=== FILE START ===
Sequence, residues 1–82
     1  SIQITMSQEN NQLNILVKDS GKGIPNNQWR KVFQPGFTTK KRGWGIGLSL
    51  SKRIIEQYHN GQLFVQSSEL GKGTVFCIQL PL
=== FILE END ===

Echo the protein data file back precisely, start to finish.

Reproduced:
Sequence, residues 1–82
     1  SIQITMSQEN NQLNILVKDS GKGIPNNQWR KVFQPGFTTK KRGWGIGLSL
    51  SKRIIEQYHN GQLFVQSSEL GKGTVFCIQL PL